Personas are often created with the ideal customer in mind, but your shoppers won’t always fit into a perfect box. Personas are just the starting point for personalization. Be prepared to continue to personalize based on current consumer behaviors and habits, A/B testing, and customer feedback.

2. Audit your customer experience

In the digital age, a customer can start their journey anywhere, at any time. From a brand’s perspective, the difference between loyalty and loss is where, when, and how that experience plays out. A customer experience audit will help you map your brand’s critical touchpoints — those moments where a shopper can interact with your brand. From interactions to brand perception, you’ll get insight into how customers find and choose your brand through to how they interact with you post-purchase. 

A typical CX audit will: 

  • Document the buyer’s journey and the touchpoints they encounter.

  • Determine the influence of each touchpoint.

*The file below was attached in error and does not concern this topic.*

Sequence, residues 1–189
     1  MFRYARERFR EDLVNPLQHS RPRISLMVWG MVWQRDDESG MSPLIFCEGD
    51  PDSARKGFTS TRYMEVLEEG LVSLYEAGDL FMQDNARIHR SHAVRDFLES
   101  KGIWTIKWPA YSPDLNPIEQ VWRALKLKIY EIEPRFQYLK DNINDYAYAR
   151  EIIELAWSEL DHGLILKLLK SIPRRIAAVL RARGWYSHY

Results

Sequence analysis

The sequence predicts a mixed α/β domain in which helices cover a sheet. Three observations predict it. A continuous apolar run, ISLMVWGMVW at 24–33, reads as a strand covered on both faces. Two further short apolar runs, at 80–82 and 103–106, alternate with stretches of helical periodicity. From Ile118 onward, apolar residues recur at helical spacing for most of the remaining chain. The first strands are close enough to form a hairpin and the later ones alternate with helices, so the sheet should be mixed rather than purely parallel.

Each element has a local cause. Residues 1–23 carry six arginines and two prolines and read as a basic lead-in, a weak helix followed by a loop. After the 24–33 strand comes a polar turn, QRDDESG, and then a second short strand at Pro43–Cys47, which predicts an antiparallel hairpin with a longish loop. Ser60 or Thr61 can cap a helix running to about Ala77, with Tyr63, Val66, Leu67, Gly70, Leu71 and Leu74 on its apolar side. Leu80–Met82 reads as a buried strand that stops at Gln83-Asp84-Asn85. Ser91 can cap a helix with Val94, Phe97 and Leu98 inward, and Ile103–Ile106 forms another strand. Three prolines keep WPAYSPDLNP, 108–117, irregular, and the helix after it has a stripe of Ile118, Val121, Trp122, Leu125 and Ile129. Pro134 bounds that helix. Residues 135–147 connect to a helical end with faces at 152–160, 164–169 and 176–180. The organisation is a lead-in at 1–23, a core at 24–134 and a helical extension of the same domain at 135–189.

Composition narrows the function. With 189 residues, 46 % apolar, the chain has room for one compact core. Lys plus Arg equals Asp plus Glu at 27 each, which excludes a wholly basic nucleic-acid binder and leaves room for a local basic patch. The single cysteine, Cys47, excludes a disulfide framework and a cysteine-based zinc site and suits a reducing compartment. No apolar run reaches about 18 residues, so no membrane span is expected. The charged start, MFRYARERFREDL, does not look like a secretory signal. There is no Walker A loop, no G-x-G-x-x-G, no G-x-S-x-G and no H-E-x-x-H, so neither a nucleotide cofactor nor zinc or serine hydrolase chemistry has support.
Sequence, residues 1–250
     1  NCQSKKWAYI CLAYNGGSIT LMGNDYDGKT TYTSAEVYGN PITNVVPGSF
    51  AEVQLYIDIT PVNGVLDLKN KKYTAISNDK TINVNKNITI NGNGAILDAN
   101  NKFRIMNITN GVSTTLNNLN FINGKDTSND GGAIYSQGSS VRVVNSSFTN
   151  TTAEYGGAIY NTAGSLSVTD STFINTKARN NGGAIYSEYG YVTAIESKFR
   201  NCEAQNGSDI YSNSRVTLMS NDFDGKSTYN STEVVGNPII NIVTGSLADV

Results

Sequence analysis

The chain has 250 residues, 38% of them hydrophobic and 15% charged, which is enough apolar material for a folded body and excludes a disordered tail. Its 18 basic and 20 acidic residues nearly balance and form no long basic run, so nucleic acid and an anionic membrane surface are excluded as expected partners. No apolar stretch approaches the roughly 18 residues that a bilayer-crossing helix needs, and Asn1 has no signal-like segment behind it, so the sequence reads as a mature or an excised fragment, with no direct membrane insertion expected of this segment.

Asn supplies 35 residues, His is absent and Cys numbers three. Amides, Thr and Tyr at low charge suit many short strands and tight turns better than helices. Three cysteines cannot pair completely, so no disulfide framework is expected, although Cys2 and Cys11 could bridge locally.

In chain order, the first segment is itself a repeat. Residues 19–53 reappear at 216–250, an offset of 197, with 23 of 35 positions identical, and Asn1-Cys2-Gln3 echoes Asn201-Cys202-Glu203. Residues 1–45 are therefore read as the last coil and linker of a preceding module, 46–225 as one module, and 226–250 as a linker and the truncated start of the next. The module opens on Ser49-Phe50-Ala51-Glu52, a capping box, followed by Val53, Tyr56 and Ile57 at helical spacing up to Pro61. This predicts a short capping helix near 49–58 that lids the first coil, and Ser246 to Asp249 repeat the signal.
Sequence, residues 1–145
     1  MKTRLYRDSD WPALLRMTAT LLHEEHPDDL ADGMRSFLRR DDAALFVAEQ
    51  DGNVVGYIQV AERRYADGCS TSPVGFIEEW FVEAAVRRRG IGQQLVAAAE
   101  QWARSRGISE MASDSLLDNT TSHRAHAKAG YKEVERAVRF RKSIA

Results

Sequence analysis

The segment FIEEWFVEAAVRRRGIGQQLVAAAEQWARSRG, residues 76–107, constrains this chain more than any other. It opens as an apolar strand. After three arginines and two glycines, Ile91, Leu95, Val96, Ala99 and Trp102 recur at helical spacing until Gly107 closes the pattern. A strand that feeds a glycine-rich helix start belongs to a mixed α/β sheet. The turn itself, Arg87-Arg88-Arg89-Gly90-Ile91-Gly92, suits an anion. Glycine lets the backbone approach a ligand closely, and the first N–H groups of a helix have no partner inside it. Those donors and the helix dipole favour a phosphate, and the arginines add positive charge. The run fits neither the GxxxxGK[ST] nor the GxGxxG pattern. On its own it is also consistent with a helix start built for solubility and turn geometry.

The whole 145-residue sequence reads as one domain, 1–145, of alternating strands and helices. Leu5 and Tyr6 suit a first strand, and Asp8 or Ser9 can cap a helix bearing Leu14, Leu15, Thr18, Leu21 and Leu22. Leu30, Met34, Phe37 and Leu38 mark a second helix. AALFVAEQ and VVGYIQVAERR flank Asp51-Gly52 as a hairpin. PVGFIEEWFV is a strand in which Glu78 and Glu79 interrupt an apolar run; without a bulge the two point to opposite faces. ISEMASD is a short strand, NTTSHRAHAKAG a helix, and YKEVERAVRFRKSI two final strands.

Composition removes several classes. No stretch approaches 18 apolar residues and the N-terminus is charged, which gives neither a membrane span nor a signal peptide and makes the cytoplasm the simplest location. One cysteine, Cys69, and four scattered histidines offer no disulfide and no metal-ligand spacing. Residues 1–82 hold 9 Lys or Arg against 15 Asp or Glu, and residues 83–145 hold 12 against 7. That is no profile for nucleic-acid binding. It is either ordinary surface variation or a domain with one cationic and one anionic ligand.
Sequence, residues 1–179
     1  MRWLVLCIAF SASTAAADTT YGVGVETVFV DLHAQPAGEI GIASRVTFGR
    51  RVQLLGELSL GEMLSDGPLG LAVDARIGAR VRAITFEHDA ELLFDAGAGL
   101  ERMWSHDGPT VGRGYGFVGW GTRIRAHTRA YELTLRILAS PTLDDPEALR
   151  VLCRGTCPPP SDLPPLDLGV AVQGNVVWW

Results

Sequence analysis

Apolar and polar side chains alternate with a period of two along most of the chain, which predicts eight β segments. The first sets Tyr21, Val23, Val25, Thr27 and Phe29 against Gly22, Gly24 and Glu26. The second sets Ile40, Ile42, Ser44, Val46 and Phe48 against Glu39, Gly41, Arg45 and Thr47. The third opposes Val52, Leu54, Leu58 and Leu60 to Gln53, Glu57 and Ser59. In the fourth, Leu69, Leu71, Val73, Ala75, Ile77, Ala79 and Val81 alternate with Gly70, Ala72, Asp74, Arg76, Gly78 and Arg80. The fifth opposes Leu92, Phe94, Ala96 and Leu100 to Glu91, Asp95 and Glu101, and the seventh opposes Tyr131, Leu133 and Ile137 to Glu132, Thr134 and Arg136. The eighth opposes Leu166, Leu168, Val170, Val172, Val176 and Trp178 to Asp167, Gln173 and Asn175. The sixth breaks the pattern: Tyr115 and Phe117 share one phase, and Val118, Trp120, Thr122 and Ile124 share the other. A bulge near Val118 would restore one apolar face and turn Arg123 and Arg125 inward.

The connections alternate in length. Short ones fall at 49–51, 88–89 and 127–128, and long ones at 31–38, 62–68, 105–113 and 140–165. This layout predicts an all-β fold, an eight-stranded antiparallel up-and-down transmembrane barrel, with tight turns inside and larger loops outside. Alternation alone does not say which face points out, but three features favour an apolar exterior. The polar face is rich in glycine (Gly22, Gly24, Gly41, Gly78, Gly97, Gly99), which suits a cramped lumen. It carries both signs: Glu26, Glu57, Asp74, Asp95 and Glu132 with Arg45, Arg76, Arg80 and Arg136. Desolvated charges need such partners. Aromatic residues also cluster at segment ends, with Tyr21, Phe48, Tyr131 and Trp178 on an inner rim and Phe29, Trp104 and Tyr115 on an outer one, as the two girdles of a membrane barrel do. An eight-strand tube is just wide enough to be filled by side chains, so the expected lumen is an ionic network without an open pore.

• Cross-reference customer satisfaction with the impact of each touchpoint.

  • Create a benchmark that marketers can measure against in the future.

Once you’ve collected and analyzed this data, it’s easier to identify and optimize based on the gaps in the audit.

3. Identify under-resourced stages of the buyer's journey

Following your audit, you can see the gaps in your ecommerce marketing strategy. Many brands don’t devote substantial resources to the post-purchase experience compared to the score of a customer’s lifetime with the brand (like LTV or CLV). That’s not entirely surprising: the traditional marketing funnel focuses so heavily on customer acquisition that we can forget the benefits of maintaining relationships with those hard-won customers.  

If your post-purchase experience is under-resourced, some good starting points can be suggesting personalized recommendations, offering proactive, solutions-oriented communication if something goes wrong, and building a feeling of community.

4. Optimize with omnichannel in mind